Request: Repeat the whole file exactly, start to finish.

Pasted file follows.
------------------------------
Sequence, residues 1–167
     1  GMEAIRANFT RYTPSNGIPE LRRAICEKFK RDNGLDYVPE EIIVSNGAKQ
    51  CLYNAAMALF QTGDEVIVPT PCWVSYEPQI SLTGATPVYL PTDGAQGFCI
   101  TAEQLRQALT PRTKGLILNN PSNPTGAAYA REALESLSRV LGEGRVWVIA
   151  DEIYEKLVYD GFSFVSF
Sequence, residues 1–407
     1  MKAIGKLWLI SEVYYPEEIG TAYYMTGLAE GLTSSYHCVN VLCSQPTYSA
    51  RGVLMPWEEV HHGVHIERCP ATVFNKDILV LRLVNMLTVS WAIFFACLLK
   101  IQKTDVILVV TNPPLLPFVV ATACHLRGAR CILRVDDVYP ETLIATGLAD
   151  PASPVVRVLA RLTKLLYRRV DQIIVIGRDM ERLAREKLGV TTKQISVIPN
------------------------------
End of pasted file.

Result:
Sequence, residues 1–167
     1  GMEAIRANFT RYTPSNGIPE LRRAICEKFK RDNGLDYVPE EIIVSNGAKQ
    51  CLYNAAMALF QTGDEVIVPT PCWVSYEPQI SLTGATPVYL PTDGAQGFCI
   101  TAEQLRQALT PRTKGLILNN PSNPTGAAYA REALESLSRV LGEGRVWVIA
   151  DEIYEKLVYD GFSFVSF
Sequence, residues 1–407
     1  MKAIGKLWLI SEVYYPEEIG TAYYMTGLAE GLTSSYHCVN VLCSQPTYSA
    51  RGVLMPWEEV HHGVHIERCP ATVFNKDILV LRLVNMLTVS WAIFFACLLK
   101  IQKTDVILVV TNPPLLPFVV ATACHLRGAR CILRVDDVYP ETLIATGLAD
   151  PASPVVRVLA RLTKLLYRRV DQIIVIGRDM ERLAREKLGV TTKQISVIPN